EXCLUSIVE: Emails between two top State Department officials show the intense mistrust and interagency infighting between the department’s COVID-19 investigative team and the arms control bureaucracy over the claim the virus originated in a lab in Wuhan, China.

Fox News obtained emails sent in early January between Chris Ford, the former acting undersecretary for Arms Control and International Security, and Thomas DiNanno, the former acting assistant secretary of the Bureau of Arms Control, Verification.


Ford was pushing back against a panel of experts’ investigation launched by the department into the origins of COVID-19, and wrote that he wanted to subject the investigative team to a higher level scrutiny. In the emails, Ford claims the investigative team kept him out of the loop, made "not-exactly-confidence-inspiring arguments" about the lab-leak theory and delayed any substantive review from scientific experts.  

In a Jan. 4 email, Ford tells DiNanno and David Asher -- a contractor who established the panel -- that he was "all for demanding more transparency" of China and "delighted to press their feet to the fire for the honesty and clarity they’ve so far refused to provide."

"As to making assertions beyond asking tough questions, however – and especially with insinuating or actually alleging sinister BW [bioweapon] work or the probability of laboratory origin – we need to make sure what we say is solid and passes muster from real experts before we risk embarrassing and discrediting ourselves in public," he wrote.


DiNanno responds that his team briefed Ford and experts several weeks prior with slides from Asher’s findings and that "I’d like to know what in those slides they find objectionable or where clarification is required and we’ll happily clarify, source and amend as necessary."

A day later, Ford wrote back, arguing that "Asher has made me very uneasy by repeatedly arguing against having intelligence analysts involved in assessing his arguments" and that the allegations need to be evaluated carefully.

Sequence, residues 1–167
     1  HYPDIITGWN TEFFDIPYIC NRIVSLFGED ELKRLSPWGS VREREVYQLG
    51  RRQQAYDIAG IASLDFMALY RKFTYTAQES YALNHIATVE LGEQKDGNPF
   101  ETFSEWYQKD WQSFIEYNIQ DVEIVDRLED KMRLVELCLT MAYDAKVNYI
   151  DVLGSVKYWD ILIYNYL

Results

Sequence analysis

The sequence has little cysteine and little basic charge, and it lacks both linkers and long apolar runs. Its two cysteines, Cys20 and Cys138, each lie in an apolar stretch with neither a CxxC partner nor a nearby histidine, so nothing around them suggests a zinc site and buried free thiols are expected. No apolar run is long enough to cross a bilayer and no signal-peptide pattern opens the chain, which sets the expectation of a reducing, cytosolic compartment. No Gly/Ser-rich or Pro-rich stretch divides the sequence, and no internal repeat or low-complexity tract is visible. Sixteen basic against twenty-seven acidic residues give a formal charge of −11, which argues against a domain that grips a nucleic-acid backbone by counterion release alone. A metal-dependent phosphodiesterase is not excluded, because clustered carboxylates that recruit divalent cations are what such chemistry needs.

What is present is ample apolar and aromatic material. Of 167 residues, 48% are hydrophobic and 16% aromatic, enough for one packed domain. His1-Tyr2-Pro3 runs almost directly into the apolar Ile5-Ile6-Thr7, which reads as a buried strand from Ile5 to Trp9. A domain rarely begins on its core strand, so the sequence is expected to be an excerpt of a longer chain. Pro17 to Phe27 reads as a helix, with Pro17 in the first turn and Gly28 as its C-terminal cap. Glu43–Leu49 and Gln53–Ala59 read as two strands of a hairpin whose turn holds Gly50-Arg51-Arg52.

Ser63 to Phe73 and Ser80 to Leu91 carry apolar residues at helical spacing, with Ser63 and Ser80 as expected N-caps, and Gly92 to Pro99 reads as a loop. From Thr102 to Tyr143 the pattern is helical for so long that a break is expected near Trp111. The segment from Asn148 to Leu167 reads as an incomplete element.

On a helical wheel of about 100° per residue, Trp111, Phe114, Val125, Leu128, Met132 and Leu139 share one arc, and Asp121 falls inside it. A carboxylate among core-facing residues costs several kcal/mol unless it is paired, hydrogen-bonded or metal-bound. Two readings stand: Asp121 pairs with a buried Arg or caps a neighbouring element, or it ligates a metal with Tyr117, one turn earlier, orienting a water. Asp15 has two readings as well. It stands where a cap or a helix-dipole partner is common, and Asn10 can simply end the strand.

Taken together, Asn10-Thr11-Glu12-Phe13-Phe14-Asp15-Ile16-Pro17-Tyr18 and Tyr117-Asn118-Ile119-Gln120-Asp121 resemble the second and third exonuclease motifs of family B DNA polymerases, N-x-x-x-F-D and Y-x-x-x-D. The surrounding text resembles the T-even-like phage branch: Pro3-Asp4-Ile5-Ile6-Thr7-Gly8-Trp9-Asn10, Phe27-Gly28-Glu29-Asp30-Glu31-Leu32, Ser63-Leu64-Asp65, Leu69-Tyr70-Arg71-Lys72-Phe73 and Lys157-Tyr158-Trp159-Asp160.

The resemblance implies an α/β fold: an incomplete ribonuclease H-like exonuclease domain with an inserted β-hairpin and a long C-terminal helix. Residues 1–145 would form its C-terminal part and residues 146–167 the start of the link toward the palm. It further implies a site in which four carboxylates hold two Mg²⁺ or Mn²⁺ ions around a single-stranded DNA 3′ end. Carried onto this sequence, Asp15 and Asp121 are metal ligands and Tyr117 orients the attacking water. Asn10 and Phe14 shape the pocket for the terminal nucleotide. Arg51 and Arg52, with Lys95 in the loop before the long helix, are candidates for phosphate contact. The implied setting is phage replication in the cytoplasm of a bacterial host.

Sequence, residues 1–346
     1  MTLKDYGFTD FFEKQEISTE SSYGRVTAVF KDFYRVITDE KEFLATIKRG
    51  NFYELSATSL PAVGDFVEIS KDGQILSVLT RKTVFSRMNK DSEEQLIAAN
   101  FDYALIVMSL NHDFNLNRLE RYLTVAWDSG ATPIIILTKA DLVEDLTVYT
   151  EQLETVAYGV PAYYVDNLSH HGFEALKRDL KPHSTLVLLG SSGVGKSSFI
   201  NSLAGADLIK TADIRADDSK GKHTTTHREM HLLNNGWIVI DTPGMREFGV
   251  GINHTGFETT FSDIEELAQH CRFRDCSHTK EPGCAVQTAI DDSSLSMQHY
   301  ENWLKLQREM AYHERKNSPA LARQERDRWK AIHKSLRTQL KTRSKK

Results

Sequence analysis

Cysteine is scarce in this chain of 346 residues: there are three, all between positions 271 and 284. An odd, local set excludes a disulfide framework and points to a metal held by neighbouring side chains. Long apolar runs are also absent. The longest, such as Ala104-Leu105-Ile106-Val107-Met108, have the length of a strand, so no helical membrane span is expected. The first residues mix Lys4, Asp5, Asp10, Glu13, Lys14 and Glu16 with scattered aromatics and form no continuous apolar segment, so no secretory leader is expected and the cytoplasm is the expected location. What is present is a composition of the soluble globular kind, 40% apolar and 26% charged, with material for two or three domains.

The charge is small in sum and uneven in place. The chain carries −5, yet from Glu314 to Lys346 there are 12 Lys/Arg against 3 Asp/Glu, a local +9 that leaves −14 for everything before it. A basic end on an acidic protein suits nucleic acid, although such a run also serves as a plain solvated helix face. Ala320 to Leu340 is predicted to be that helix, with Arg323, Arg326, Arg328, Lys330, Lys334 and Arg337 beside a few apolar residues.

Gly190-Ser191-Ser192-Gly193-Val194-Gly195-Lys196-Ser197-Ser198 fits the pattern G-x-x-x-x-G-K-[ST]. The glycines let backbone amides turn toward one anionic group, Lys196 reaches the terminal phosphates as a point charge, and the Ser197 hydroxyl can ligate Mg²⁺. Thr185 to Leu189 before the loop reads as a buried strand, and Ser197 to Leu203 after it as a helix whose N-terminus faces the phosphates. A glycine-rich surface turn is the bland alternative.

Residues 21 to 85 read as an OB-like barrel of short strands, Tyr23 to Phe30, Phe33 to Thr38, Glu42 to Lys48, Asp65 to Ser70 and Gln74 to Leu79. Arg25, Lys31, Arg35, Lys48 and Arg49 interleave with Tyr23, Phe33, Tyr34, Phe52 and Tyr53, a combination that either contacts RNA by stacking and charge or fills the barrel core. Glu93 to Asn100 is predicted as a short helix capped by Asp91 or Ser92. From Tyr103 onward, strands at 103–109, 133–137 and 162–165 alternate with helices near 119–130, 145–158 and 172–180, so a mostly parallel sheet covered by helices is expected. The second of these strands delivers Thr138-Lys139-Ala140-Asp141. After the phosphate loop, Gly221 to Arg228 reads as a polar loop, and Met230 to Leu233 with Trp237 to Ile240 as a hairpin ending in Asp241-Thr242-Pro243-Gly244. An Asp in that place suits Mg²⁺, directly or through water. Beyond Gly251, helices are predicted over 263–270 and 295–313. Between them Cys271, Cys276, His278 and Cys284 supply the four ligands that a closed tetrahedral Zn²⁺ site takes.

"Let me be clear: the burden of proof is upon AVC [Bureau of Arms Control, Verification] here -- particularly since the entire IC [intelligence community], even after having reissued its analysis after months of accumulating additional information, still has a completely different position on the facts," he wrote. "Your bureau needs to shoulder that burden, or stand down."

"Please stop playing games and ducking responsibility," he added. "It is discreditable."

On Fox News Channel's "The Story" on Friday, Asher described Ford’s claim that he was against having intelligence analysts involves in assessing the claims as "nonsense, total nonsense."

"I can recall sending I think 26 pages of questions, I can't quite remember the exact length as it went to different intelligence agencies with specifics. I was in close partnership with our national laboratories who most definitely are more expert than anyone else in the scientific community in our country related to biological defense, and the use of gain of function in a dual use setting," he said.

The revelations come amid claims from former State Department officials that Ford and his team stonewalled the investigation and failed to investigate the claims -- amid broader concerns that it could open a "can of worms" about U.S. funding of that research.


In an interview with Fox News last week, Asher said of Ford: "He seemed disinterested." 

"He said even if we came to it, how do we know where it came out of, what lab? I very rarely in my life in government have ever encountered someone who is more of a neg-acrat, less a bureaucrat than that individual is," he said. "I rarely say that I encountered disgraceful behavior in government, but I did actually on this occasion."